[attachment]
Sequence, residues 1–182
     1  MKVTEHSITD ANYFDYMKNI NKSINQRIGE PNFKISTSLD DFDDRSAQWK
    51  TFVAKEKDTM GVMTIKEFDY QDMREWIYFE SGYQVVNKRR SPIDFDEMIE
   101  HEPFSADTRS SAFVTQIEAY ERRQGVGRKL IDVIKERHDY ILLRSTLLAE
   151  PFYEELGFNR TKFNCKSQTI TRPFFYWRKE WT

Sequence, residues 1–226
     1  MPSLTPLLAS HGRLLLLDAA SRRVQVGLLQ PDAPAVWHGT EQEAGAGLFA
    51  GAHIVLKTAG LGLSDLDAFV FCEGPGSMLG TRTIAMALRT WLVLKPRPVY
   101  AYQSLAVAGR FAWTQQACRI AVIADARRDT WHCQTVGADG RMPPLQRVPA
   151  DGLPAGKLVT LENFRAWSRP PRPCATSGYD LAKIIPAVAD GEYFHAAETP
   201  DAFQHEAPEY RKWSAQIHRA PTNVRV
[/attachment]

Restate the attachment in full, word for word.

Sequence, residues 1–182
     1  MKVTEHSITD ANYFDYMKNI NKSINQRIGE PNFKISTSLD DFDDRSAQWK
    51  TFVAKEKDTM GVMTIKEFDY QDMREWIYFE SGYQVVNKRR SPIDFDEMIE
   101  HEPFSADTRS SAFVTQIEAY ERRQGVGRKL IDVIKERHDY ILLRSTLLAE
   151  PFYEELGFNR TKFNCKSQTI TRPFFYWRKE WT

Sequence, residues 1–226
     1  MPSLTPLLAS HGRLLLLDAA SRRVQVGLLQ PDAPAVWHGT EQEAGAGLFA
    51  GAHIVLKTAG LGLSDLDAFV FCEGPGSMLG TRTIAMALRT WLVLKPRPVY
   101  AYQSLAVAGR FAWTQQACRI AVIADARRDT WHCQTVGADG RMPPLQRVPA
   151  DGLPAGKLVT LENFRAWSRP PRPCATSGYD LAKIIPAVAD GEYFHAAETP
   201  DAFQHEAPEY RKWSAQIHRA PTNVRV